Just imagine; these people will not enter a provisional government because that would cause the bourgeoisie to recoil from the revolution, thereby diminishing the sweep of the revolution! Here, indeed, we have the new-Iskra philosophy as a whole, in a pure and consistent form: since the revolution is a bourgeois revolution, we must bow to bourgeois philistinism and make way for it. If we are even in part, even for a moment, guided by the consideration that our participation may cause the bourgeoisie to recoil, we thereby simply hand over leadership of the revolution entirely under the tutelage of the bourgeoisie (while retaining complete “freedom of criticism”!) compelling the proletariat to be moderate and meek, so that the bourgeoisie should not recoil. 
Bolsheviks and Mensheviks in Agreement on the Bourgeois Nature of the Revolution
The Bolsheviks and the Mensheviks disagreed about the nature of the government that would and should come out of the revolution. The Bolsheviks called for a democratic dictatorship of workers and peasants, while the Mensheviks hoped for a bourgeois government. But on one point both wings of Russian Social Democracy agreed: that the coming revolution would be a bourgeois revolution. By this was meant a revolution resulting from a conflict between the productive forces of capitalism on the one hand, and the autocracy, landlords, and other relics of feudalism on the other.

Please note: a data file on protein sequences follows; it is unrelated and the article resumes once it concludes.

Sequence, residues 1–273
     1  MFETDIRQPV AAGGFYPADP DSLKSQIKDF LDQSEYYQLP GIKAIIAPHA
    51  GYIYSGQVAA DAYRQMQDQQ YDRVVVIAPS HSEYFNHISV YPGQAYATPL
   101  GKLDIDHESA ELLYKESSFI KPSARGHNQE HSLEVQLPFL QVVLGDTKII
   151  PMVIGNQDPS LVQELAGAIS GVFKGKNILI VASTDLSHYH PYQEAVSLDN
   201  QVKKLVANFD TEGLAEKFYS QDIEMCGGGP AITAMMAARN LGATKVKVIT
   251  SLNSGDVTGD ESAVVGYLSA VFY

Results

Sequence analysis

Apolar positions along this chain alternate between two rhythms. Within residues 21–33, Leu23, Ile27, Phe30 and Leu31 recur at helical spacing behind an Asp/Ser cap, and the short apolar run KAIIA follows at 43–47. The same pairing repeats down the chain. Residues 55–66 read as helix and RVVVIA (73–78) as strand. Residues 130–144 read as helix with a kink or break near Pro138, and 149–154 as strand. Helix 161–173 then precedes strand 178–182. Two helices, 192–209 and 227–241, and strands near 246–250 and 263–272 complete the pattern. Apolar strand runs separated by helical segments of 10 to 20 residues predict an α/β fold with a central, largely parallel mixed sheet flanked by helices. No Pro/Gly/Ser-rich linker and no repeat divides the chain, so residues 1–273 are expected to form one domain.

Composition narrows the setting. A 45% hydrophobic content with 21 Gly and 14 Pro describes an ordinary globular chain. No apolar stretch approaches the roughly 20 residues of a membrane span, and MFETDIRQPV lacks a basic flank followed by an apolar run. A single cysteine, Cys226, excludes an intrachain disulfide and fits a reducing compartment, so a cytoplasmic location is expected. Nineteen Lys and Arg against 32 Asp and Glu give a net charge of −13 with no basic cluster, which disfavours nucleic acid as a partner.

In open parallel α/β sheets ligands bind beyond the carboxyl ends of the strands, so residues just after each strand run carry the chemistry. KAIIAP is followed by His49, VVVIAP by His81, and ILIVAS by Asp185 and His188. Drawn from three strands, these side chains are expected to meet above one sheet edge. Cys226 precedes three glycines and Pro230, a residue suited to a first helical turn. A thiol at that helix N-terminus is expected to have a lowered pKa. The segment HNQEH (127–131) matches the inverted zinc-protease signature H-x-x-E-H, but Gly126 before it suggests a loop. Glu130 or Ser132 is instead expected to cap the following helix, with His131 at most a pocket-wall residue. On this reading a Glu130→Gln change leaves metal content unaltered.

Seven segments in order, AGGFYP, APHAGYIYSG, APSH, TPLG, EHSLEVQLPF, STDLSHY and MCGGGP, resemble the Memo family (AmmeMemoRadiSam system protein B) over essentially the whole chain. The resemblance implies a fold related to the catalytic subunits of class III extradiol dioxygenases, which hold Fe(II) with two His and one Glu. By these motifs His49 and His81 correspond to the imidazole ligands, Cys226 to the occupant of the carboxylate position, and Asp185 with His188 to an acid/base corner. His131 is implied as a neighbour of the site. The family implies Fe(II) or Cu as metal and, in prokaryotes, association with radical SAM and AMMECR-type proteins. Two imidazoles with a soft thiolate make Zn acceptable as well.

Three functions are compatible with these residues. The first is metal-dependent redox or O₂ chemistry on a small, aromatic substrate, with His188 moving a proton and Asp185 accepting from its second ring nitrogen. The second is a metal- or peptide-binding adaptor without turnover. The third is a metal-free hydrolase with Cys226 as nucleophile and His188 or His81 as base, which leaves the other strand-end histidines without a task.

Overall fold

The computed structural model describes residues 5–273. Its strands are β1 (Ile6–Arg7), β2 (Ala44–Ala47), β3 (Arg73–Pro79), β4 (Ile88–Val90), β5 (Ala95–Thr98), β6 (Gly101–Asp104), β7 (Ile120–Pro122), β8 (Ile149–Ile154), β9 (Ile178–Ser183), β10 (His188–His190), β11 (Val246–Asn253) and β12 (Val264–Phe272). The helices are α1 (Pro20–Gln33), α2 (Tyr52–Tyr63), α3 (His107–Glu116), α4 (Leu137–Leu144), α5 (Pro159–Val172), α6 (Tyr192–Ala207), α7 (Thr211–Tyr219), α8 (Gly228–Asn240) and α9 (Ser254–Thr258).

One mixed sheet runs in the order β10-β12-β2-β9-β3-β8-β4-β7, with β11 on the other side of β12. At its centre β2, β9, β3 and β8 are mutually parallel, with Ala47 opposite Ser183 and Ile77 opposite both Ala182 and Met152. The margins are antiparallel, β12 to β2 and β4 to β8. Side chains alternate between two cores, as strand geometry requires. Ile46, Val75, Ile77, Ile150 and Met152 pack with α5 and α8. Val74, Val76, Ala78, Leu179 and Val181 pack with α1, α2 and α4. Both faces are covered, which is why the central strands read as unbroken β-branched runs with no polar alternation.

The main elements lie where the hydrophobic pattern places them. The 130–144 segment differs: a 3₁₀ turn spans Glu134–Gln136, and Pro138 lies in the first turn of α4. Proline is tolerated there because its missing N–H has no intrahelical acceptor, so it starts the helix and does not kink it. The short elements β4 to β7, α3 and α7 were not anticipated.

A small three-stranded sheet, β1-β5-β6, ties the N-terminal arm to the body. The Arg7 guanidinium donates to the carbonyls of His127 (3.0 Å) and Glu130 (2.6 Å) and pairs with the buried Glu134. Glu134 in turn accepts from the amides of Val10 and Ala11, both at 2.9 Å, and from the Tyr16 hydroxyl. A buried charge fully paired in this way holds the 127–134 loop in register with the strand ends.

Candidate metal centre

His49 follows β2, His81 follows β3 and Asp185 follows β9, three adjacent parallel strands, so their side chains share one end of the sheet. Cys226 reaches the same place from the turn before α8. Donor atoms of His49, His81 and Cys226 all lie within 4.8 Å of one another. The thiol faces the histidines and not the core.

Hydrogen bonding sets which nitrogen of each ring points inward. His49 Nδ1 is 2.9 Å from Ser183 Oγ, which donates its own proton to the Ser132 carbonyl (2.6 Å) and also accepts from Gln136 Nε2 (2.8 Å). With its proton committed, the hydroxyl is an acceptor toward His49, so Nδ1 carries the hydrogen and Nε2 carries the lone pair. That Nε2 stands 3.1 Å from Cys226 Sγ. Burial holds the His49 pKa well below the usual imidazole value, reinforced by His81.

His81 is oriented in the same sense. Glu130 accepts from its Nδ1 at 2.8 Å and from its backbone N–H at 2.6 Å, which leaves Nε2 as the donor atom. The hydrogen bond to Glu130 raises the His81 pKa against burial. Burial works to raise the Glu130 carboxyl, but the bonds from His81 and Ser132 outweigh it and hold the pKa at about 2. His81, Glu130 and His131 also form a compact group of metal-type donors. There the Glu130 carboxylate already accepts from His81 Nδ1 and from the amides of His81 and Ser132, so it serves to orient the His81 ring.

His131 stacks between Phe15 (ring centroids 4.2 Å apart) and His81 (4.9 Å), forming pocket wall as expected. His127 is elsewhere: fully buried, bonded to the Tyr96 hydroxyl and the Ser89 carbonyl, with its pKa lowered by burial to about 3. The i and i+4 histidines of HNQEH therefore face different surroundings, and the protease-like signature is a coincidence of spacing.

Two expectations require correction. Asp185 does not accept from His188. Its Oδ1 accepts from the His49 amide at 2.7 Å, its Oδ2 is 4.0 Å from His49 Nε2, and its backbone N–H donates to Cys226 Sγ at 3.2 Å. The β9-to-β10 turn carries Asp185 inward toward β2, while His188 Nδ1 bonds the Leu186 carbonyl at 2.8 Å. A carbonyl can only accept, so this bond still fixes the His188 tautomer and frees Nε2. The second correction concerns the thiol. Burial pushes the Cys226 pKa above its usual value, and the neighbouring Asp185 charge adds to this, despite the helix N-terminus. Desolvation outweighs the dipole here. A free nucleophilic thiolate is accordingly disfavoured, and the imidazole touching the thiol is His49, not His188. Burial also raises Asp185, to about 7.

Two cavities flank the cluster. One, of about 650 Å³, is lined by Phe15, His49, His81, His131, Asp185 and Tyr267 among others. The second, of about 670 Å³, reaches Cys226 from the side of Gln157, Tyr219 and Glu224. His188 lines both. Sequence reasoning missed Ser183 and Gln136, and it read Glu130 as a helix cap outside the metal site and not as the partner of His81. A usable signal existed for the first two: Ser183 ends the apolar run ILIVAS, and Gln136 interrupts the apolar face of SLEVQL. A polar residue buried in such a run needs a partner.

That this was the view of the Mensheviks needs no repetition. But that Lenin at the time held the same opinion, and that he held to it for many years afterwards, needs some demonstration, especially in the light of the actual victory of the October Revolution, which went far beyond the limits of a bourgeois revolution.
Thus Lenin wrote about the future Russian Revolution in Two Tactics of Social Democracy in the Democratic Revolution:
At best, it may bring about a radical redistribution of landed property in favour of the peasantry, establish consistent and full democracy, including the formation of a republic, eradicate all the oppressive features of Asiatic bondage, not only in rural but also in factory life, lay the foundation for a thorough improvement in the conditions of the workers and for a rise in their standard of living, and – last but not least – carry the revolutionary conflagration into Europe. Such a victory will not yet by any means transform our bourgeois revolution into a socialist revolution; the democratic revolution will not immediately overstep the bounds of bourgeois social and economic relationships. 
Again, “this democratic revolution in Russia will not weaken but strengthen the domination of the bourgeoisie.” 
In view of Russia’s backwardness and the smallness of her working class he rejected
the absurd and semi-anarchist ideas of giving immediate effect to the maximum program, and the conquest of power for a socialist revolution. The degree of Russia’s economic development (an objective condition), and the degree of class-consciousness and organisation of the broad masses of the proletariat (a subjective condition inseparably bound up with the objective condition) make the immediate and complete emancipation of the working class impossible. Only the most ignorant people can close their eyes to the bourgeois nature of the democratic revolution which is now taking place ... Whoever wants to reach socialism by any other path than that of political democracy, will inevitably arrive at conclusions that are absurd and reactionary both in the economic and the political sense. 
Further, “we Marxists should know that there is not, nor can there be, any other path to real freedom for the proletariat and the peasantry, than the path of bourgeois freedom and bourgeois progress.” 
In the same book, Lenin makes it clear that the program of the revolution should be limited to reform within the framework of capitalism: